Mains Syllabus

Civil Services Mains Examination consists of 9 papers:

  1. Essay (250 marks)
  2. General Studies-1 (250 marks)
  3. General Studies-2 (250 marks)
  4. General Studies-3 (250 marks)
  5. General Studies-4 (250 marks)
  6. Language Paper-1 (300 marks)
  7. Language Paper-2 (300 marks)
  8. Optional Subject Paper-1 (250 marks)
  9. Optional Subject Paper-2 (250 marks)

The Syllabus for these Papers is as under:


UPSC does not provide any specific syllabus for Essay but instead provides guidelines as under:

Candidates may be required to write essays on multiple topics. They will be expected to keep closely to the subject of the essay to arrange their ideas in orderly fashion, and to write concisely. Credit will be given for effective and exact expression.

Generally UPSC asks two essays of 125 marks each. Their are two sections, each having four essays from which candidates should choose one. Over the past year, essays have been asked from various areas which can be broadly categorised into:

  1. India: Democracy, administration, Society, culture
  2. Economy, Development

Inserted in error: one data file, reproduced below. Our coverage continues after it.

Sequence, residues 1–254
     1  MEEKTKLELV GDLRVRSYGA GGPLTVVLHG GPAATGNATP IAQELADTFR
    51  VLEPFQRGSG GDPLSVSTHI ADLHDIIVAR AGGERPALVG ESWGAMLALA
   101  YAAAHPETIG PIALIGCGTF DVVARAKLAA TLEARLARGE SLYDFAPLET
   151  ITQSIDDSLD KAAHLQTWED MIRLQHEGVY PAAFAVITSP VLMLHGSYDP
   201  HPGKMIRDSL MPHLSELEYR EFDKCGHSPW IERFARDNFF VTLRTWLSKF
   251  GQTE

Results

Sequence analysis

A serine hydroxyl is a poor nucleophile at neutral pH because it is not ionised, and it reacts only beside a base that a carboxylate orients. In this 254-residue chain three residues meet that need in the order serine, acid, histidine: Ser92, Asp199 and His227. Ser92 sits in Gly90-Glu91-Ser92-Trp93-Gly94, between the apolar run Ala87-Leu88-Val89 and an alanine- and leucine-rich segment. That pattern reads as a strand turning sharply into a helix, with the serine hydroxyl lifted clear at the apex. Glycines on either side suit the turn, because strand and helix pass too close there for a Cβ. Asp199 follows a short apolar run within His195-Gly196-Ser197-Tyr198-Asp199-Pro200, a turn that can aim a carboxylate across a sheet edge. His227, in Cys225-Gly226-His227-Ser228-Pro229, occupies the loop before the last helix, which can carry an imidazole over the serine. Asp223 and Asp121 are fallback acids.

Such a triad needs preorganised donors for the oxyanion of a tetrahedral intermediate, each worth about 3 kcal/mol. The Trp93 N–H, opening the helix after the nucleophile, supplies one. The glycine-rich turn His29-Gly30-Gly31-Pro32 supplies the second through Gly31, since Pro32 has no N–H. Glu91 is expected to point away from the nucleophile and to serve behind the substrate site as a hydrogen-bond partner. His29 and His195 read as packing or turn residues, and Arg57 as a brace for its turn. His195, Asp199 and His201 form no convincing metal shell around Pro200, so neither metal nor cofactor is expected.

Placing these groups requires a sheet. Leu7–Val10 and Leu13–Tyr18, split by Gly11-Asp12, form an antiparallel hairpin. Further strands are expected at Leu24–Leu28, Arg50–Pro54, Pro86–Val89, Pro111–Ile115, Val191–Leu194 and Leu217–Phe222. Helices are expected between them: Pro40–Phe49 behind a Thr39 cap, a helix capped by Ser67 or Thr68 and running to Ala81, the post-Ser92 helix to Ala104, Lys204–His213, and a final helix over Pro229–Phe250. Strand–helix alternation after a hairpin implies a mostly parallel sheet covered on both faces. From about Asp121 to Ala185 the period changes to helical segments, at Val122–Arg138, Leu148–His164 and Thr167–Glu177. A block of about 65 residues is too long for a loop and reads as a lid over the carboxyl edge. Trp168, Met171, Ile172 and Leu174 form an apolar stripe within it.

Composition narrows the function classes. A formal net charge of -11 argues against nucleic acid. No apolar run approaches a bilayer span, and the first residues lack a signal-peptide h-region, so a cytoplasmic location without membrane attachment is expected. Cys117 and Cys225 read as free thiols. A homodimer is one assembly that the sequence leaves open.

3. Education
  4. Quote based, Philosophy, Ethics
  5. Women empowerment
  6. International issues, Internal Security
  7. Science-Technology

General Studies-1

General Studies has 4 papers viz. GS-1, GS-2, GS-3 and GS-4. Each paper has a pre-defined syllabus and aspirants must carefully read, analyse and memorise the same.

General Studies broadly covers Indian Heritage and Culture, History and Geography of the World and Society:

  • History – Ancient, Medieval, Modern History of India and World History.

  • Sociology

  • Geography of India and World

The detailed syllabus is as follows:

  • Indian culture will cover the salient aspects of Art Forms, literature and Architecture from ancient to modern times.
  • Modern Indian history from about the middle of the eighteenth century until the present- significant events, personalities, issues.
  • The Freedom Struggle — its various stages and important contributors/contributions from different parts of the country.
  • Post-independence consolidation and reorganisation within the country.
  • History of the world will include events from 18th century such as industrial revolution, world wars, redrawal of national boundaries, colonization, decolonization, political philosophies like communism, capitalism, socialism etc.— their forms and effect on the society.
  • Salient features of Indian Society, Diversity of India.
  • Role of women and women’s organization, population and associated issues, poverty and developmental issues, urbanization, their problems and their remedies.
  • Effects of globalization on Indian society.
  • Social empowerment, communalism, regionalism & secularism.
  • Salient features of world’s physical geography.